Everyone’s heard of ice cream, sherbets, sorbets, frozen yoghurt–popular icy dessert confections made with varying amounts of milk (or none at all) flavored with chocolate, fruits and many other ingredients. But what is frozen cream? Is it a kind of food or an ingredient?

To the ordinary layman and maybe even novice chefs unfamiliar with dairy or dessert terminology, frozen cream could be taken for ordinary cream that is frozen. A quick online search for the exact words will not yield much formal explanation on this exact product and direct the searcher to lots of information about ice cream.

There’s one site that describes frozen sweet cream as an additive-free product made from pasteurizing then freezing cream that is separated from fresh whole milk. The resulting product is a white creamy homogenous liquid that is free from any visible fat. This is probable not produced in large quantities in most countries as cream is a dairy product doesn’t hold well to freezing temperature. Another possible reason is that plain cream not that difficult to produce, store and use. In fact, there’s so many different kinds available with vary amounts of fat and some do not even need refrigeration–as in the case of canned cream.

Pasteurization is a process of subjecting foods to high temperature for a prescribed amount of time to kill off potentially harmful microorganisms and extend shelf life. Unpasteurized products, usually juices and dairy products, just stay fresh for a few hours if not kept in the refrigerator or freezer. Unfortunately, for raw foodists, the high temperature compromises health benefits such as heat sensitive phytonutrients and enzymes. An alternative treatment done by some companies and homemakers, particularly for raw milk is to ferment it with different cultures of beneficial microorganisms that increase the good bacteria and kill off the bad.

Sour cream, a high-fat product made from the fermentation of regular cream by some strains of Lactobacillus bacteria, can be frozen to extend its shelf life but this will affect the texture of the product after thawing–it will separate and not have the same creamy texture as the original. It still has the beneficial bacteria and health benefits but should be used in recipes wherein the texture is not important.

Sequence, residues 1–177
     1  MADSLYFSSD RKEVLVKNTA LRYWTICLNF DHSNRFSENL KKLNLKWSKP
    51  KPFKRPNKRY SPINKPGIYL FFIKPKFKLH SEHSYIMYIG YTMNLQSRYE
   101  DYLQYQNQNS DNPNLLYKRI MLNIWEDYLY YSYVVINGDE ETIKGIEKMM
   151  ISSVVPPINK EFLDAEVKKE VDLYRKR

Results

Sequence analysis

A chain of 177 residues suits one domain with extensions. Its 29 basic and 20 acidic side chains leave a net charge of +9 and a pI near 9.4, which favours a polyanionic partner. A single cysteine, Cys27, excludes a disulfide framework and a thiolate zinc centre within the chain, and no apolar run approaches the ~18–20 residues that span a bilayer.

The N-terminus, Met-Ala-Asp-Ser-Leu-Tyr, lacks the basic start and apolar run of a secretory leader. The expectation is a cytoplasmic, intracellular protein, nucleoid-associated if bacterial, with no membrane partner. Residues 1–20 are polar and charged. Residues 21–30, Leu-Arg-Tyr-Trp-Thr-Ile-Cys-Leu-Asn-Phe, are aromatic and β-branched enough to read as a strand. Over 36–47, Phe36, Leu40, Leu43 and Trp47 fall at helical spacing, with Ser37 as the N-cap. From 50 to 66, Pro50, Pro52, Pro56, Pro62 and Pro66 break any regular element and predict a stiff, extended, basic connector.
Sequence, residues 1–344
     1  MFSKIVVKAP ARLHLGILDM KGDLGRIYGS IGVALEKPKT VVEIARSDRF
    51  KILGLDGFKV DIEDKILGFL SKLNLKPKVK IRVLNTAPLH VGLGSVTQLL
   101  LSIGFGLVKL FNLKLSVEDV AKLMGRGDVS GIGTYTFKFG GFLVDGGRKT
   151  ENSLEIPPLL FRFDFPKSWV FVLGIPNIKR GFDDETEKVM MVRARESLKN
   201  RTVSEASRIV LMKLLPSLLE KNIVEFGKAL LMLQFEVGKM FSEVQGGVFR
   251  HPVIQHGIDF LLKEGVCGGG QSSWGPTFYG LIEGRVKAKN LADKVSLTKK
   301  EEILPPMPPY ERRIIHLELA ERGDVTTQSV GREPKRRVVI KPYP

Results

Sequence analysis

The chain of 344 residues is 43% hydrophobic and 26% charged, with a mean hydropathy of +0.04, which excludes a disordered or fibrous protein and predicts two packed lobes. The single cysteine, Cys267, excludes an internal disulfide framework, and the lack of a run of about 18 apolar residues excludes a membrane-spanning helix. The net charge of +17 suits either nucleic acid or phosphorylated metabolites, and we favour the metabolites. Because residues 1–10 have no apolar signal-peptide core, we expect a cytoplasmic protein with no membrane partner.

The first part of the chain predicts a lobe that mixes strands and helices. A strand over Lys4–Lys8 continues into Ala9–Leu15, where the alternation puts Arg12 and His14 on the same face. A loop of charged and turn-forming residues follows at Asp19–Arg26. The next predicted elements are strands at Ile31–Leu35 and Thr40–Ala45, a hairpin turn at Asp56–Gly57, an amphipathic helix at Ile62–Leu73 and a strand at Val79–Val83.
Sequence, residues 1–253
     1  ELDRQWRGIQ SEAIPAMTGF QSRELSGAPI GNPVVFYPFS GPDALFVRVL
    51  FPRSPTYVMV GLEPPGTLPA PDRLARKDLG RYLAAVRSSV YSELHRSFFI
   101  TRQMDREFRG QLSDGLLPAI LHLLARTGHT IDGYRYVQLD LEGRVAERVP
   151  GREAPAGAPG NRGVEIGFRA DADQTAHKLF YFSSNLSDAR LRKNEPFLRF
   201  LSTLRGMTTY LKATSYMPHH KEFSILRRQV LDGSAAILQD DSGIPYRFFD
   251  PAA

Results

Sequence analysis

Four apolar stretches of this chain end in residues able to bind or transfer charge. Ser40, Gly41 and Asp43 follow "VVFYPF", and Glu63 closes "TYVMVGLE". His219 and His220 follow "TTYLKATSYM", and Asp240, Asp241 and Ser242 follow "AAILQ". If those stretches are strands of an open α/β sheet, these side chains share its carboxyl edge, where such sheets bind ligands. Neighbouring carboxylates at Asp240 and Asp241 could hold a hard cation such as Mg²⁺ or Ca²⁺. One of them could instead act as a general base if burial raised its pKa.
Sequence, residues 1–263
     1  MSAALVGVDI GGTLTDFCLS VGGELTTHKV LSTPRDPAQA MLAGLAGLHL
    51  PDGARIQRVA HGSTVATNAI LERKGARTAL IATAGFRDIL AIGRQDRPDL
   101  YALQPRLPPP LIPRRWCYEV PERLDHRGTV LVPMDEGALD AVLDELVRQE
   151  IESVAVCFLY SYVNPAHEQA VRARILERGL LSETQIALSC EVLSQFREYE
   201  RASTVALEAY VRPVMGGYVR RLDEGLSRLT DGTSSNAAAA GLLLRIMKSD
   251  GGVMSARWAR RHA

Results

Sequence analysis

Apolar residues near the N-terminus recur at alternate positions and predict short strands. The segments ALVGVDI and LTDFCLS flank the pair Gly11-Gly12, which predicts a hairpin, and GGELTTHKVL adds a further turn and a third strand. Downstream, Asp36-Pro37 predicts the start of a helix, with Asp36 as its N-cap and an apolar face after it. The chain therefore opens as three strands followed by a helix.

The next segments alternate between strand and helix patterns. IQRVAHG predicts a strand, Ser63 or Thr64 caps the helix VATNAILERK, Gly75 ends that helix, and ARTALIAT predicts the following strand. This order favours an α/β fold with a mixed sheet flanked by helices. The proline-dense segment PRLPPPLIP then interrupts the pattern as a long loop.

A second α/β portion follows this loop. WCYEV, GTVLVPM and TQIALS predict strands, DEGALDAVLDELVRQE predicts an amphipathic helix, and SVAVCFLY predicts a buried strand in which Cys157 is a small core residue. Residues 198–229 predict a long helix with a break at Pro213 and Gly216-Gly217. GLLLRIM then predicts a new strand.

Ice cream and other frozen confections are a different story as the dairy ingredients, namely milk and cream with varying amounts of fat, are usually combined with other ingredients that act as emulsifiers and stabilizers which, as their names suggest, act to keep the resulting product smooth and creamy despite being frozen.

Cooking Recipe Videos

There are many ways to improve your cooking skills: reading great cookbooks, taking cooking classes, and good old fashioned practice in the kitchen are traditional methods. But these days, online cooking recipe videos are another excellent resource for aspiring chefs. Here's how to get the most from the cooking videos you encounter.

Find Them

There are lots of cooking recipe videos out there, but not all are created equal. Before you spend time watching any, consider the source. If you want to widen your cooking horizons, videos featuring famous chefs are a must. Such chefs might include television personalities (who may or may not have formal cooking backgrounds), cooking legends (like Julia Child, Graham Kerr, and Wolfgang Puck), or Michelin star-awarded chefs who've impressed the cooking world with their expertise and talent.

Live Demos

Once you find cooking recipe videos by esteemed chefs, you will probably discover you learn the most if you watch the videos more than once. In the first viewing, you'll likely only get the overall picture of what the chef is doing. If you watch the video once or twice more, you may notice and remember details you didn't before.

Bear in mind that you're not just learning how to make a particular recipe. You're also hoping to learn cooking techniques you can rely upon for other dishes. For example, you might see a Michelin chef chop up food in a faster, simpler way than you've ever seen before. Or you might see how a meal is flambéed. Or you might learn a new way to cook meat so it's crisp on the outside and tender and juice on the inside. There is nothing quite like a live demo, to make those techniques stick in your brain and come to life next time you are in the kitchen.

Share it

Although cooking recipe videos are helpful and educational, they're also fun. You can make them even more entertaining by sharing them with friends. What does your best friend think about trying to make a flambéed meal with you? Does she have a funny story to tell about attempting this on her own? Does your work mate drool over gourmet desserts as much as you do? Are you and your friends inspired by a certain video to try a pot luck gourmet party? Let cooking videos be part of you and your friends online entertainment, and you'll have fun while you improve your cooking skills.

Try it Out

After watching cooking recipe videos, it's a great idea to make the recipes in your own kitchen. The best cooking video websites also have printed recipes to go along with their videos. Print one out and give the recipe your best go.

Or, you could just try out one or two techniques you learned by watching a great chef. For example, maybe you've never tried blanching vegetables before. After watching a chef demonstrate this on a video, you can try the technique almost any time you're preparing veggies.